“Morocco has hydrocarbon potential […] Moroccan basins are underexplored […] Now, significant investments are needed to determine its economic importance and highlight its potential, which we sense,” said Amina Benkhadra, director of the National Office of Hydrocarbons and Mines (ONHYM), in 2019.
Since then, several onshore and offshore programmes have been set up with foreign companies, which benefit from numerous tax advantages. These include full tax exemption for 10 years, exemption from customs duties on all equipment and a state share limited to 25%.
A potential to be confirmed
On 13 April, before the Parliamentary Committee on Infrastructure, Energy, Mines and the Environment, Benkhadra returned to the subject of hydrocarbon exploration activities in the kingdom, where 11 companies, including Eni (Rome), Qatar Petroleum International (Doha) and Europa Oil & Gas (London), operate. On that same day, the British company, which is active on the Atlantic coast, was propelled to the forefront by the announcement that a significant volume of oil resources – more than 1 billion barrels and easily recoverable – had been identified off Agadir.
Given that prices at the pump are rising sharply, this news is a ray of hope for Moroccans and particularly Aziz Akhannouch. The Prime Minister – who is the main shareholder of Afriquia, the local leader in fuel distribution – is under fire for conflict of interest after the price hike.
Although the Moroccan media are talking about “a major discovery”, the data put forward by Europa Oil & Gas should be taken with caution – far from media euphoria or any kind of optimism. “Now, this evaluation, based on geological data, must be proven by drilling to determine the actual existence of oil resources,” says Francis Perrin, director of research at IRIS (Paris) and associate researcher at the Policy Centre for the New South (Rabat).
The spectre of the Talsint affair
In August 2021, Europa Oil & Gas estimated the potential of this offshore area at more than two billion barrels, before revising its ambitions downwards in early 2022. In a press release published on 24 April, the Association of Spanish Petroleum Geologists and Geophysicists (AGGEP) referred to “a phantom oil discovery”, and denounced this bluff aimed at promoting Morocco’s hydrocarbon sector and arousing the oil majors’ interest.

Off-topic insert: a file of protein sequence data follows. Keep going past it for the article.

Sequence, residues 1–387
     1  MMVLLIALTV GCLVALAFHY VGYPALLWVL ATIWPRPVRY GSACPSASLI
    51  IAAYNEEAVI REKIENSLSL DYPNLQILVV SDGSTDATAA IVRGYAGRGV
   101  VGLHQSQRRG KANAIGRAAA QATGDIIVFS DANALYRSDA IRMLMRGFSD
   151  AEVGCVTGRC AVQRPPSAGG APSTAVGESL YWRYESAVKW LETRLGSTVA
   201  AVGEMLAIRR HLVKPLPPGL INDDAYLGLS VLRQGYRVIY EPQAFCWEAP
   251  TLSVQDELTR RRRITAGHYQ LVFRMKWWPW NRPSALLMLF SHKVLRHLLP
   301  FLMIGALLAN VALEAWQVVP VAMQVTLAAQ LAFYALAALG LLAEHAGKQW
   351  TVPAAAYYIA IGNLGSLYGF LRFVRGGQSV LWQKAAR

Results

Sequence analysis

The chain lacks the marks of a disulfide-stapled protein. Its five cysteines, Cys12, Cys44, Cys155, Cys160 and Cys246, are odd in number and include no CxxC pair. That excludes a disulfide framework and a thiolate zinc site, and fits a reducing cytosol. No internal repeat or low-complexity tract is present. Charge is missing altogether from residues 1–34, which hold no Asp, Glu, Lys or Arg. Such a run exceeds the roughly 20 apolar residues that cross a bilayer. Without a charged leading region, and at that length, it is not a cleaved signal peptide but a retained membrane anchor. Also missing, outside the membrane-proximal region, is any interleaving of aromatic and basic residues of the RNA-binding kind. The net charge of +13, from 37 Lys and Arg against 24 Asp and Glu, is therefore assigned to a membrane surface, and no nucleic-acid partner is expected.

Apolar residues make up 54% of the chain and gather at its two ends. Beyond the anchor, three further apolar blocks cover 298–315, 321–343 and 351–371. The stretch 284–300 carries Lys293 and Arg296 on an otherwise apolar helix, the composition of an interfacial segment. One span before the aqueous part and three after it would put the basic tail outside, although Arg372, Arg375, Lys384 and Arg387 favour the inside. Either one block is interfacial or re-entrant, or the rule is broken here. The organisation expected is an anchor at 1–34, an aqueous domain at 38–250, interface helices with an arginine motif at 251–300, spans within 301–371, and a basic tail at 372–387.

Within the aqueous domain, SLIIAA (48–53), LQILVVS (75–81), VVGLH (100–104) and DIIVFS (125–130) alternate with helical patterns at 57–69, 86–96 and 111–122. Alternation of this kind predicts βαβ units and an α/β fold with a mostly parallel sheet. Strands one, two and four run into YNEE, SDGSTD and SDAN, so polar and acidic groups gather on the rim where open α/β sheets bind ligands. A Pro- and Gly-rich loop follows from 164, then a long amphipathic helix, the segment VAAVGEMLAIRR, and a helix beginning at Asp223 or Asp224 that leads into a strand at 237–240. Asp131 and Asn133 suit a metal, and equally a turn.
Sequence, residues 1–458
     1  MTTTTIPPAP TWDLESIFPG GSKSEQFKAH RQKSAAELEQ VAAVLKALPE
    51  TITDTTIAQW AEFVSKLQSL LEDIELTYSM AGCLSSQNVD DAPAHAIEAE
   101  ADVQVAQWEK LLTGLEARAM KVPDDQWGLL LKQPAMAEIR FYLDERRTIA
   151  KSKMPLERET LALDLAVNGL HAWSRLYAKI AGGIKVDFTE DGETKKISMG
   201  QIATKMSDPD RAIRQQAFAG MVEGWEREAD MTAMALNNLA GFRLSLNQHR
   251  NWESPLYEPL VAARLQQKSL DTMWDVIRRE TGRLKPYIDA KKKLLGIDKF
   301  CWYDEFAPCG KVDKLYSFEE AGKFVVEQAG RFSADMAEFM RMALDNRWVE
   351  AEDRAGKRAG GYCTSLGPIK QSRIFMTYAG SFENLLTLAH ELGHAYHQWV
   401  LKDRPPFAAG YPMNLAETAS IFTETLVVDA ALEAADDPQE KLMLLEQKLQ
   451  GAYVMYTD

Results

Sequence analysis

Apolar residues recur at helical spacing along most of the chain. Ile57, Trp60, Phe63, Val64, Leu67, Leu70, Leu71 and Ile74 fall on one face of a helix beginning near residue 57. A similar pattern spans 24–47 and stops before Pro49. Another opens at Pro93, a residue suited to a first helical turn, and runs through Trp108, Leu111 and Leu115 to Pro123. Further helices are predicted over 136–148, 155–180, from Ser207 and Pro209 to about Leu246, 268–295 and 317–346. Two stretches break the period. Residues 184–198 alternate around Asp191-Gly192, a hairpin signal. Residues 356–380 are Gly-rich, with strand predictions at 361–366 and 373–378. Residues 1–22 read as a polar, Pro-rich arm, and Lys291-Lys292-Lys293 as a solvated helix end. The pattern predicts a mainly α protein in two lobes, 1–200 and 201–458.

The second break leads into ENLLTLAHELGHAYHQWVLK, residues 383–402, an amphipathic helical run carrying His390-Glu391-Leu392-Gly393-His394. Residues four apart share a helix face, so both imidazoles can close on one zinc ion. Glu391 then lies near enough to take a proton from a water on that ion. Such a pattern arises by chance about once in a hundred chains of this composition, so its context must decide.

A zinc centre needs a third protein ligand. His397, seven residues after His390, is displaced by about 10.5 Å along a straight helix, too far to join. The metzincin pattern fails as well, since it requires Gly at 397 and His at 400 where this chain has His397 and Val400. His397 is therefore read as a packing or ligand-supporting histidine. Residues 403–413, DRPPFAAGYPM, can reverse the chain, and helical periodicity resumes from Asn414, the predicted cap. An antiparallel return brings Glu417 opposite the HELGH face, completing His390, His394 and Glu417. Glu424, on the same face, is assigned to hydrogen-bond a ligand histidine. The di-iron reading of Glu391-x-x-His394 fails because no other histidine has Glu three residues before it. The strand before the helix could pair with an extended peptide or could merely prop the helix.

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“Europa Oil & Gas is a small oil company. It needs to attract funding to be able to start drilling and continue its activities on this offshore licence. So even though the company insists on this area’s great potential, to date a billion barrels of oil have not been discovered,” says Perrin. These uncertainties may be reminiscent of the imaginary Talsint deposit scandal that shook the kingdom in the early 2000s. At the time, Lone Star Energy Corporation made a major announcement that several billion barrels had been discovered in Talsint (Oriental region). However, the state, which was initially caught in the trap, eventually discovered the truth.
“Errors are always possible but, contrary to the information relayed, the National Office of Hydrocarbons and Mines does not use the term ‘discovery’ and treats the subject with great caution because words must be weighed. This is our guarantee to avoid a second Talsint affair,” says the associate researcher at the Policy Centre for the New South (Rabat).
A headache in prospect
However, a possible black gold windfall could raise the major issue of needing to refine the extracted resources. Located in Mohammedia, the Samir, which is the kingdom’s only refinery, has been at a standstill since 2015 and the story of its liquidation, which began in 2016, is still not over.
In the event of a jackpot, Morocco could export its raw resources on the world market to generate foreign exchange revenue. “This is an interesting option given the volatile prices. However, having a refinery would obviously increase the options,” says the oil expert.
The kingdom could also end up in the same unfortunate situation as Nigeria, the continent’s leading oil producer. Undermined by the vulnerability of its refining infrastructure, the country has been importing 90% of its fuel at world market prices and suffering a chronic shortage of refined products due to the consequences related to the war in Ukraine.
But before projections can be made, substantial investments must be made to confirm the potential of the Moroccan basins, determine their economic importance and convert the “promising prospects” into barrels of oil. “In the absence of a major discovery on its territory, Morocco will remain a massive importer of oil and refined products,” concludes Perrin.
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